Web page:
Izusen’s “Iron Bowl” cuisine

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IZUSEN restaurant, Daiji-in, Daitokuji, Kyoto

Leaving behind the frenetic busyness of the modern bustling metropolis of Kyoto, as you step over the threshold of the great gateway that marks the entrance to the vast grounds of Daitokuji, one of the five great Zen temple complexes of Kyoto, you enter into a sacred space that seems timeless and imbued with tranquility. Nestled within this great rambling temple complex, following one of the meandering stone pathways flanked by high earthen walls of secluded little temples and ancient twisting pine trees, you eventually arrive at a small sub-temple called Daiji-in. Within this temple is Izusen, a shojin-ryori (Buddhist vegetarian) restaurant that specialises in teppachi-ryori.

Pathway to Izusen, with Daitokuji temple, Kyoto

Pathway to Izusen, with Daitokuji temple, Kyoto

Teppachi literally means “iron bowl” and it refers to the custom of Buddhist monks making daily alms rounds, carrying a bowl in which they received food offerings from people in the neighbourhood who supported the temple. Nowadays, the monks of Daitokuji temple no longer make these rounds, but the traditional bowls they once used are now a feature of this restaurant. The serving dishes are a set of lacquer bowls in which the courses of the meal are served and which fit neatly inside one another when finished.

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The delicacies that are served in these special bowls vary according to the season, but what follows is typical spring menu.

This meal begins with light matcha (whisked powdered green tea) and warabi-mochi, a glutinous sweet made not from rice flour (mochi) but from bracken starch (warabi-ko), covered with kinako (toasted soy bean flour).

Macha & warabi-mochi

Macha & warabi-mochi

Next, shirazu-ae: vegetables coated in a light vinegar and sesame paste, served here with fava beans (soramame).

Shirazu-ae

Shirazu-ae

Next, broccolini with yuba (soy milk skins). Yuba is an essential ingredient in shojin cuisine because it is very high in protein.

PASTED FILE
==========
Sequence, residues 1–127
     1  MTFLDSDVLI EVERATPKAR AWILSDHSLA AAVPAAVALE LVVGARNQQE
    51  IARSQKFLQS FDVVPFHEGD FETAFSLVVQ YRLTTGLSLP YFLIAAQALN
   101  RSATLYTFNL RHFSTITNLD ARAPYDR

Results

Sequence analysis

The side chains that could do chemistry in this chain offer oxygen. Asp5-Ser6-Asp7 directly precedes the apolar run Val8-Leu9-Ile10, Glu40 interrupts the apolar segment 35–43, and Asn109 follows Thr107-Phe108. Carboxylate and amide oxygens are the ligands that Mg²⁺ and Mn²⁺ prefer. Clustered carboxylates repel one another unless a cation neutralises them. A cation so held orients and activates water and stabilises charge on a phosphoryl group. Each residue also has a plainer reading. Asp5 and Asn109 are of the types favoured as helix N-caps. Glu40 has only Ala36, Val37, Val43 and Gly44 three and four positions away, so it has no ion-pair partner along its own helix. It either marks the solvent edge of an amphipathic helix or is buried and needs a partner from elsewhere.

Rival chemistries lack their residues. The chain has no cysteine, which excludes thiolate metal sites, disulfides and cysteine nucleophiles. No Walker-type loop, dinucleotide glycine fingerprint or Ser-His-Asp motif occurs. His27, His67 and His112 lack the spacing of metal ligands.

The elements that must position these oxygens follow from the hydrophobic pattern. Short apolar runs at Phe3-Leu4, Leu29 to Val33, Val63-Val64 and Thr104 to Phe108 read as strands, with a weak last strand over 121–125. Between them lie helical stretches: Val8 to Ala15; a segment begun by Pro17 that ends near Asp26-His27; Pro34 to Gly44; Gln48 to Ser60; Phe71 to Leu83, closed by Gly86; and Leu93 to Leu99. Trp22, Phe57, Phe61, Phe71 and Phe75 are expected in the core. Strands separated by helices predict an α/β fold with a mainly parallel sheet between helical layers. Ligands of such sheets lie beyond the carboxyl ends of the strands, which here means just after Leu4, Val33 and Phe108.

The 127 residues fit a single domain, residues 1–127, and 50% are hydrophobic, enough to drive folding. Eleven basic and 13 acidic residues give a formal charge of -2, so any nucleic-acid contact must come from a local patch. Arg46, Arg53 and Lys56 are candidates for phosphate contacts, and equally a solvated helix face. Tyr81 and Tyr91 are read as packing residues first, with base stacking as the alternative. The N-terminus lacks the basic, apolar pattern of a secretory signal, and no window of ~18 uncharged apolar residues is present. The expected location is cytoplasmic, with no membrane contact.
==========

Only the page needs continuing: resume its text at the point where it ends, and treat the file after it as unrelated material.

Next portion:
Nanohana & yuba

Nanohana & yuba

Next, hassun, which is the main plate and has a selection of delicacies. Here, there is fried gluten, fuki (giant butterbur) wrapped in yuba, and Daitokuji-fu (a special gluten prepared with soy and mirin and deep-fried)

Hassun

Hassun

Next, goma-tofu with sliced cucumber and wasabi: goma-tofu is not the usual soy bean tofu, but instead is made from ground sesame seeds mixed with kudzu flour. It is a signature dish in shojin-ryori of Mt Koya.

Gomatofu

Gomatofu

Next, ganmodoki and fried baby eggplant: ganmodoki, which literally means “mock goose,” is made from tofu mixed with vegetables, made into a ball, boiled first and then fried. It is used as an offering on the altars of temples in Mt Koya.

Ganmodoki & eggplant

Ganmodoki & eggplant

Next, tempura vegetables, including shiitake mushrooms, enoki mushrooms, mitsuba trefoil leaves.

Vegetable tempura

Vegetable tempura

Next, clear wakame (seaweed) soup.

Wakame soup

Wakame soup

Finally, rice with a seasonal ingredient and pickles – this rice is served with kinome, a new sprig of the Japanese pepper tree, which is traditionally a sign of spring.

Rice with kinome

Rice with kinome

Here is a video showing the exterior and interior of Izusen in Kyoto…

Photos courtesy of Hisagon & Yokorin

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